From education to employment

SQA dispute over as Unite members accept revised pay offer

strike sign

Union criticises ‘hostile’ management approach as it warns of more problems on the horizon

Unite the union can confirm today (5 March) that its 400 plus Scottish Qualifications Authority (SQA) membership have accepted an improved pay offer. 

A revised offer was put to the workforce late last week which led to a suspension in industrial action.  The revised offer which was accepted by Unite members will mean a 5.75 per cent pay increase in 2023, and 3.15 per cent for 2024 along with a £1,000 cash lump sum. This represents a significant improvement on the initial pay offer of 4.75 per cent for 2023 by the SQA. 

Sharon Graham, Unite general secretary, said: 

“The pay offer now accepted by the majority of Unite’s membership at the SQA represents a significant shift from the education body’s original position. Unite alone has moved the dial during this dispute and our members can be proud of the brave position that they have taken. We will continue to back our SQA members in the battles to come for better jobs, pay and conditions.” 

Unite members took strike action on 23 February in addition to an overtime ban, a ban on weekend working and a ban on accruing time-off in lieu which came into effect on 16 February. The union is continuing to highlight its concerns over the ‘hostile attitude’ of the SQA’s senior management’s ‘towards staff and unions during this recent pay dispute. Unite stated that the dispute could have been resolved ‘months ago’ on the basis of a ‘willingness’ by the SQA to positively engage with the union.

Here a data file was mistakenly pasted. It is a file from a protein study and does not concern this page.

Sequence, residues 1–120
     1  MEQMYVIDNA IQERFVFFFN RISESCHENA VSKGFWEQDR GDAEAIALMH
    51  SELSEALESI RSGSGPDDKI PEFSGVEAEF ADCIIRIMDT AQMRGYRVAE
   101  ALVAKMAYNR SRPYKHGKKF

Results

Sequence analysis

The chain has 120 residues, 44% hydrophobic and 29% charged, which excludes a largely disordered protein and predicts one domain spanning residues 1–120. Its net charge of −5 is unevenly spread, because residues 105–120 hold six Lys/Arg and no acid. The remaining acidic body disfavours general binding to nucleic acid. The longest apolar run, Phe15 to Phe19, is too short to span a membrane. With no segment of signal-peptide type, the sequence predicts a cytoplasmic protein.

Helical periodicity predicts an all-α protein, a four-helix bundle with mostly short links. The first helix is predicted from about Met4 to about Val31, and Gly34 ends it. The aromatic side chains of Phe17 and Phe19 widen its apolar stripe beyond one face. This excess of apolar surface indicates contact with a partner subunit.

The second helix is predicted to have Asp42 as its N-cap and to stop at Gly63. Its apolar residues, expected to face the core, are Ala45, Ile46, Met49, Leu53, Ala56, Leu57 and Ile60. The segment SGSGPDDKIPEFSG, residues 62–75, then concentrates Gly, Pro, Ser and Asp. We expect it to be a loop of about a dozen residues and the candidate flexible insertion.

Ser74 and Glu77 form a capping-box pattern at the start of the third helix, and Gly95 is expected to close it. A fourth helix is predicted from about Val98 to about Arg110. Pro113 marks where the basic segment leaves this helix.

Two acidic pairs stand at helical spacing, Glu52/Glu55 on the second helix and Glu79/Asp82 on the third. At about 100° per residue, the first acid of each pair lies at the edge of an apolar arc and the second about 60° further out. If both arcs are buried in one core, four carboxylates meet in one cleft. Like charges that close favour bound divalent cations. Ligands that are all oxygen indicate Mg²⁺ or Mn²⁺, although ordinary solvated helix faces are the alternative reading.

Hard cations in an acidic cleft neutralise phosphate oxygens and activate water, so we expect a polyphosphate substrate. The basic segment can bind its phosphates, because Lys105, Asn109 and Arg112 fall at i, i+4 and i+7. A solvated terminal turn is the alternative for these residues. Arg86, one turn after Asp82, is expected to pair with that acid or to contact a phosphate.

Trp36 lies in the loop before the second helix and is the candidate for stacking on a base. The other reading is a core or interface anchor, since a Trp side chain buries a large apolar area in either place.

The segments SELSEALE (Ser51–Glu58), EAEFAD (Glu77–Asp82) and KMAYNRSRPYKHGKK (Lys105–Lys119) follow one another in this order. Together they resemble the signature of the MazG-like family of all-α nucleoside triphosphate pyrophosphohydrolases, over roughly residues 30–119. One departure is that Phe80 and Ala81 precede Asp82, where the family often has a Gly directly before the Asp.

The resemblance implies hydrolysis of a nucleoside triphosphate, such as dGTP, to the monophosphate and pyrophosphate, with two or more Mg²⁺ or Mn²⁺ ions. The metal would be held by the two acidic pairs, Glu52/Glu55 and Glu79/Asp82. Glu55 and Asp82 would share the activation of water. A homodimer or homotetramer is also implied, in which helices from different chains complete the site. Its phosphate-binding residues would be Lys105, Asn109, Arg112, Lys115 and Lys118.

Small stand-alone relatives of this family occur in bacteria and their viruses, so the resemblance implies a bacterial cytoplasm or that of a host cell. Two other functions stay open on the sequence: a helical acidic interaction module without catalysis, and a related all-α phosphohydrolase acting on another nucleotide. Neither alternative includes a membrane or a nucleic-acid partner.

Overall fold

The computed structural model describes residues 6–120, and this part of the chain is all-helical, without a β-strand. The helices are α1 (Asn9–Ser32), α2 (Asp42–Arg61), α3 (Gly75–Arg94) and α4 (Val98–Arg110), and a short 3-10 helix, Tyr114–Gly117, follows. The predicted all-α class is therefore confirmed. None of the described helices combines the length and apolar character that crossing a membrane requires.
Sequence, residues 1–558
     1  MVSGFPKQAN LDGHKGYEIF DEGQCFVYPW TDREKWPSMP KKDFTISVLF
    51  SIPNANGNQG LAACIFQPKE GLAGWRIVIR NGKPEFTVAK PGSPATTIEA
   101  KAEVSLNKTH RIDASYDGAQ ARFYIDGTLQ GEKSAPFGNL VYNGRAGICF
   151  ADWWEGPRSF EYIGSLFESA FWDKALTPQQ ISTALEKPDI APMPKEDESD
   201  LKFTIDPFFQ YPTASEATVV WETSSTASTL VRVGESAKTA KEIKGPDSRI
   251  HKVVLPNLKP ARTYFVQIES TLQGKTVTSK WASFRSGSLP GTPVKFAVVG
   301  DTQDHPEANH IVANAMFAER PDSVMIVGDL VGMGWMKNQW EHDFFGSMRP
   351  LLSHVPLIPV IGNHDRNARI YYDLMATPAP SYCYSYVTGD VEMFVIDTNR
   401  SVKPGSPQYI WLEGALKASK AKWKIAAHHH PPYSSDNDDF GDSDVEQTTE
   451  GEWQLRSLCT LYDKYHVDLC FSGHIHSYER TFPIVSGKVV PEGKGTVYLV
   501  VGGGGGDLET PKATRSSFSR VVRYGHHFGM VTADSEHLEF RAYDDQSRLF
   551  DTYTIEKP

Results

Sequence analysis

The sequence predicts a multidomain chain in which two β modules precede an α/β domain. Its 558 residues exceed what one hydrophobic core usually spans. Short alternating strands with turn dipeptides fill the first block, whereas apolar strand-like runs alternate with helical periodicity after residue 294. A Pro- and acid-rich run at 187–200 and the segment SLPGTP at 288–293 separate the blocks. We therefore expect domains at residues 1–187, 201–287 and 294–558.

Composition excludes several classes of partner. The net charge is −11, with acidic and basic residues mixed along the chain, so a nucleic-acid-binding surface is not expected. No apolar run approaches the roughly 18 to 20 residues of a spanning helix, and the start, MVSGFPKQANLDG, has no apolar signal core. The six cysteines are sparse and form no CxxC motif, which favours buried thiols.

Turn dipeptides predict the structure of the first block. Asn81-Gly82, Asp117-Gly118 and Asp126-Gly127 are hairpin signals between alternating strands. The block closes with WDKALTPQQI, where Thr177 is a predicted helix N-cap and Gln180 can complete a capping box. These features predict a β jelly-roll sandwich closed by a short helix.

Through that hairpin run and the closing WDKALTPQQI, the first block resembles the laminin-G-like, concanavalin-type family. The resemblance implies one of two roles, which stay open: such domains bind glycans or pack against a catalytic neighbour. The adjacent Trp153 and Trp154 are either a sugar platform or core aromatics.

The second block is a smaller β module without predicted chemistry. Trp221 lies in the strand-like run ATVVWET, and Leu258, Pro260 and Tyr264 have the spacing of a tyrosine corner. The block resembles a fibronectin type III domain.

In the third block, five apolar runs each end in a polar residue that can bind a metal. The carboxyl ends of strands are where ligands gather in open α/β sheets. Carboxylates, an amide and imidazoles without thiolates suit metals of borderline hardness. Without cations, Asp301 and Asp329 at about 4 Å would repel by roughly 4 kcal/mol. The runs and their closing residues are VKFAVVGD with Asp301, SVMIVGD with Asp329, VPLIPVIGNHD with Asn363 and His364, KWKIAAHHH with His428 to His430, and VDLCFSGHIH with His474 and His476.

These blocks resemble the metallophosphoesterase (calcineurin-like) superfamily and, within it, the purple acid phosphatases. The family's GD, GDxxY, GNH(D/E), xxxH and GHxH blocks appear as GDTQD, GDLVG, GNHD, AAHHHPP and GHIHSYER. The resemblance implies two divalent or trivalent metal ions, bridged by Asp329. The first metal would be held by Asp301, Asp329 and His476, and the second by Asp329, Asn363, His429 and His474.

Unite has also raised its ongoing concerns over the education body’s failure along with the Scottish government to meaningfully consult with unions on education reform. Unite has raised specific concerns over the scrapping of the SQA, and the lack of assurances over job roles and locations, conditions and pay of the existing SQA workforce, in any new organisation.

Alison Maclean, Unite industrial officer, said:

 “Unite has delivered a two-year pay deal along with a cash lump sum which in the circumstances was the best deal possible.” 

“Despite this current dispute coming to an end, the existing problems at the SQA have not gone away. In fact, some of them are getting worse and our members have had enough of the divisive and increasingly hostile attitude by senior management towards staff and unions.  

The SQA has seemed more interested in escalating this dispute rather than resolving it.  There is also a job of work to deliver the reform agenda which can only be achieved through a willingness to positively engage with Unite.

If the prevailing attitude persists, then the tensions between management, the workforce and unions will continue to rise.  

“Unite’s concerns over the Scottish Government’s education reform agenda also continue to grow because there remains zero clarity for the workforce over the day to day working of any new body.” 

The union’s members work in all grades and job roles at the nation’s education qualifications body including administrators, managers, processors and researchers. The SQA is estimated to employ around 1,000 people. 

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